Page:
Eunice S. Wang, MD, on FLT3-Mutated AML: Gilteritinib and Azacitidine for Intensive Induction Chemotherapy–Ineligible Patients
2021 ASH Annual Meeting & Exposition
Eunice S. Wang, MD, of Roswell Park Comprehensive Cancer Center, discusses phase III results showing that gilteritinib and azacitidine led to significantly higher composite complete response rates in patients with newly diagnosed FLT3-mutant acute myeloid leukemia who are ineligible for intensive induction chemotherapy. Overall survival was similar to that of azacitidine alone (Abstract 700).
Daniel A. Ermann, MD, of the Huntsman Cancer Institute, University of Utah, discusses results from the largest retrospective study on outcomes utilizing radiotherapy in early-stage diffuse large B-cell lymphoma. Adding radiation to front-line multiagent chemotherapy was associated with a survival benefit for all patients with early-stage disease. An overall survival benefit was seen with the addition of radiation to front-line multiagent chemotherapy for patients with nodal involvement and those with specific extranodal involvement in the testes, thyroid, skin and soft tissue, and head and neck (Abstract 49).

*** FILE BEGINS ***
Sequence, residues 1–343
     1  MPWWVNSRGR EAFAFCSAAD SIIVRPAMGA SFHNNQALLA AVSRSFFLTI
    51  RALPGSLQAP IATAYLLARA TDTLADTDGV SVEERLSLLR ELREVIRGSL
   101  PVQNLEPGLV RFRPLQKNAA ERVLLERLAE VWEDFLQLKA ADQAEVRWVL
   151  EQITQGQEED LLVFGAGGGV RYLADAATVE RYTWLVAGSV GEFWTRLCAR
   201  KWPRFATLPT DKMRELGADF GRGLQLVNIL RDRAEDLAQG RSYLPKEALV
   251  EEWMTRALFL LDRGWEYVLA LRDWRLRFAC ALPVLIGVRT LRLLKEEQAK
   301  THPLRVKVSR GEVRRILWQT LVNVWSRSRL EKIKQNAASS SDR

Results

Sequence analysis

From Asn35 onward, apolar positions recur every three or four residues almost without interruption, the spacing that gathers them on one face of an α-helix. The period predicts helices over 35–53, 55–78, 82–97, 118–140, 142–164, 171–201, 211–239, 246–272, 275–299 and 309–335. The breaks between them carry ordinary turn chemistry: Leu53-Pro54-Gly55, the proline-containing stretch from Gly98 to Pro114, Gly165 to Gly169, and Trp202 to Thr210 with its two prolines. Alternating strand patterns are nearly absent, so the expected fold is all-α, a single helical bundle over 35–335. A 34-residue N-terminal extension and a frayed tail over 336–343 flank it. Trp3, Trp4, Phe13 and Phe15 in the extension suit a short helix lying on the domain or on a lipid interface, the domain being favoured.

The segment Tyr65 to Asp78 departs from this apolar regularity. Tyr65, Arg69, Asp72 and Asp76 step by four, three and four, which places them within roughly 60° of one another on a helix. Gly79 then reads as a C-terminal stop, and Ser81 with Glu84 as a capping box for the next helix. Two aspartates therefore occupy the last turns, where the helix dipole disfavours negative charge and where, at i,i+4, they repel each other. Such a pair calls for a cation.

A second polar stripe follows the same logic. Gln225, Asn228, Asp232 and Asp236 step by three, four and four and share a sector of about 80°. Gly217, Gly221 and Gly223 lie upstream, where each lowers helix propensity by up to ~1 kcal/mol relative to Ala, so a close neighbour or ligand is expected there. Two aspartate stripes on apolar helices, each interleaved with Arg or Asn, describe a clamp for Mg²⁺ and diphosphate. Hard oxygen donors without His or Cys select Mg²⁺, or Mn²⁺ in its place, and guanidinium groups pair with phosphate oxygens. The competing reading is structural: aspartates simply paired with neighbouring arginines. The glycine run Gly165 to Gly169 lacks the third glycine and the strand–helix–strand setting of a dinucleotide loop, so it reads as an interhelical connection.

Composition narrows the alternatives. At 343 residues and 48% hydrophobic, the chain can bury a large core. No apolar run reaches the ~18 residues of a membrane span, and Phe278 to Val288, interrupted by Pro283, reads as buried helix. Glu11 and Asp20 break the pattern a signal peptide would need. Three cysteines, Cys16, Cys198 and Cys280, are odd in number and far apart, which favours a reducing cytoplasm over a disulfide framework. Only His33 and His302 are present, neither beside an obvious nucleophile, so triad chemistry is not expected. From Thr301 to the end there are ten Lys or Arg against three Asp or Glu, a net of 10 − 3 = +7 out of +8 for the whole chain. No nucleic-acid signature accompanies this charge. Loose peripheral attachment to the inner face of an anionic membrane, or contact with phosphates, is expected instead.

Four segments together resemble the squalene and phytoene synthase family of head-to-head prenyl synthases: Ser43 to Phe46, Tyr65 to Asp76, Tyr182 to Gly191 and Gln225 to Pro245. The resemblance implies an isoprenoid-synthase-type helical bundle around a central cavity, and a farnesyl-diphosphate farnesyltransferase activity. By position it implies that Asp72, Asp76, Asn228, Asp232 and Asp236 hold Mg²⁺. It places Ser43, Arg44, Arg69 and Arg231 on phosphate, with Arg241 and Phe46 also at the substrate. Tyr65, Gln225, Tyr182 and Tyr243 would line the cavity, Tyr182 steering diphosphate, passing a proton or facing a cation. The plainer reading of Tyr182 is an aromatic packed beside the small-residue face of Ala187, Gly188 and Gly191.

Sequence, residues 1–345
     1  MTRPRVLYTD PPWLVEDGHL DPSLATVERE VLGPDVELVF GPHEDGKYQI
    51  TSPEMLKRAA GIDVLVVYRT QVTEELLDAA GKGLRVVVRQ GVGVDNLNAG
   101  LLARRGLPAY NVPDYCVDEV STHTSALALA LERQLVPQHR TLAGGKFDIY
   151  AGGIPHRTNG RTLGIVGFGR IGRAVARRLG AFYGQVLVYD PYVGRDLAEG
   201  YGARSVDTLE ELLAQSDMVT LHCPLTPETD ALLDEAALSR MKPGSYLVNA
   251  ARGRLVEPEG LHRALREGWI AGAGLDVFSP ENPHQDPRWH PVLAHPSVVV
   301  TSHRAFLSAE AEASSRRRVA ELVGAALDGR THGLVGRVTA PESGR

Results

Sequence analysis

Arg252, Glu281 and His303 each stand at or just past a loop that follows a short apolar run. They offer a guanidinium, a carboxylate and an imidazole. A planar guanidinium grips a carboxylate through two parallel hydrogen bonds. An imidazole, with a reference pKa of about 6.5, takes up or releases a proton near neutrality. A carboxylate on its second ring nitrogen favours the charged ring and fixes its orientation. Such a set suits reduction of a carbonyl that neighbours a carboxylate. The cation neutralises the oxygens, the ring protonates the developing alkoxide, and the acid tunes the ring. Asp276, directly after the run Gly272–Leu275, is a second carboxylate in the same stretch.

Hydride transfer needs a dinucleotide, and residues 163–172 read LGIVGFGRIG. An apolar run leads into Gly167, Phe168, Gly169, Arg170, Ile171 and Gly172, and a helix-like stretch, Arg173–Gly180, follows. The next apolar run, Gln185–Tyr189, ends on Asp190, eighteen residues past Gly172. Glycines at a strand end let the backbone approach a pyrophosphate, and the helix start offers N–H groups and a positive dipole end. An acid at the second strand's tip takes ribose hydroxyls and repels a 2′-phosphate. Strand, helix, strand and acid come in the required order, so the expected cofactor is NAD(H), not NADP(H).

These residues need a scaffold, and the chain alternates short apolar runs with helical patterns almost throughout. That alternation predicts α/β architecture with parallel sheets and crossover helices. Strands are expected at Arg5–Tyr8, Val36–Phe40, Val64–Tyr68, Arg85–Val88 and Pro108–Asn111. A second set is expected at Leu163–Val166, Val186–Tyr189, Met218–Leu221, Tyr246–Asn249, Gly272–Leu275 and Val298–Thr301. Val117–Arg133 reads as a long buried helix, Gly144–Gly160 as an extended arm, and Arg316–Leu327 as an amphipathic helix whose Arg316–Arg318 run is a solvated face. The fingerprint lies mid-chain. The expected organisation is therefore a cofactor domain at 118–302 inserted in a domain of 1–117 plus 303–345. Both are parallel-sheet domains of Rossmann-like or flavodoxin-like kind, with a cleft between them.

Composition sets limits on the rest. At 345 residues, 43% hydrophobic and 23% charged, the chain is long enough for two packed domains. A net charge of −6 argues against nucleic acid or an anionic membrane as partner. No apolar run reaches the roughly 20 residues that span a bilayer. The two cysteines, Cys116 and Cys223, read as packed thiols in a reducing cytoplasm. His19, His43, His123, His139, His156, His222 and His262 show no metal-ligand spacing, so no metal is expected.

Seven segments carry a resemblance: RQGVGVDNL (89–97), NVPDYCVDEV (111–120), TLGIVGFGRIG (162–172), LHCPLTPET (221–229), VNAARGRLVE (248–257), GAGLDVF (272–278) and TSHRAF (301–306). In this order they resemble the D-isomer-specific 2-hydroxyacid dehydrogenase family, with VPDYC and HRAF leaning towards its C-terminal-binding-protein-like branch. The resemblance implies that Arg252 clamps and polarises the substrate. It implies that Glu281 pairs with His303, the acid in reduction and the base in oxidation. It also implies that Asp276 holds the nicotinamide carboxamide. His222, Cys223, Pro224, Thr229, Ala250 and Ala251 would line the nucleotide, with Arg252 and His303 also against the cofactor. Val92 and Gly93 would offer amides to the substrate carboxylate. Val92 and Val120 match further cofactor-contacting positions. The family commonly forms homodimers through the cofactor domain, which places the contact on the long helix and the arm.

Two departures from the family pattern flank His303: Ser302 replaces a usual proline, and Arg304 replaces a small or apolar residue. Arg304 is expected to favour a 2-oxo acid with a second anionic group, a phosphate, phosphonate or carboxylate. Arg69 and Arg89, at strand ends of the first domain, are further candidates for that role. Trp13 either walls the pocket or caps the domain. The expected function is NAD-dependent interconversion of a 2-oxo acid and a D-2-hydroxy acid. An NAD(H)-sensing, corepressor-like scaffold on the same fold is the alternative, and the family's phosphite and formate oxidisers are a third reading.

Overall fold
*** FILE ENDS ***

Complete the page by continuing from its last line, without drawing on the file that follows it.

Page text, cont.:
Tarek H. Mouhieddine, MD, of The Mount Sinai Hospital and The Icahn School of Medicine at Mount Sinai, discusses data that suggest patients with heavily pretreated, predominantly triple-class refractory multiple myeloma who relapse after treatment with bispecific antibodies may still have good outcomes when sequentially treating with other immunologic treatments (Abstract 821).
Sangeetha Venugopal, MD, of The University of Texas MD Anderson Cancer Center, discusses a retrospective analysis of 562 patients with treated secondary acute myeloid leukemia and prior exposure to hypomethylating agents (HMAs). The results showed that an HMA plus venetoclax yielded significantly higher overall response rates and improved overall survival compared with intensive chemotherapy or low-intensity chemotherapy, particularly in patients 60 years or older who had a karyotype without adverse risk (Abstract 794).
Masayuki Umeda, MD, of St. Jude Children's Research Hospital, discusses his research which showed that UBTF-TD (upstream binding transcription factor-tandem duplications) define a unique subtype of acute myeloid leukemia that previously lacked a clear oncogenic driver. UBTF-TD is associated with FLT3-ITD and WT1 mutations, adolescent age, and poor outcomes. These alterations are critical for future risk-stratification for this patient cohort.
Alba Rodriguez-Meira, DPhil, of the University of Oxford, discusses a comprehensive analysis of the genetic, cellular, and molecular landscape of TP53-mediated transformation, providing insights into the evolution of chronic hematologic malignancies toward an aggressive acute leukemia. Because TP53 is the most commonly mutated gene in human cancer, these findings may well be of broad relevance (Abstract 3).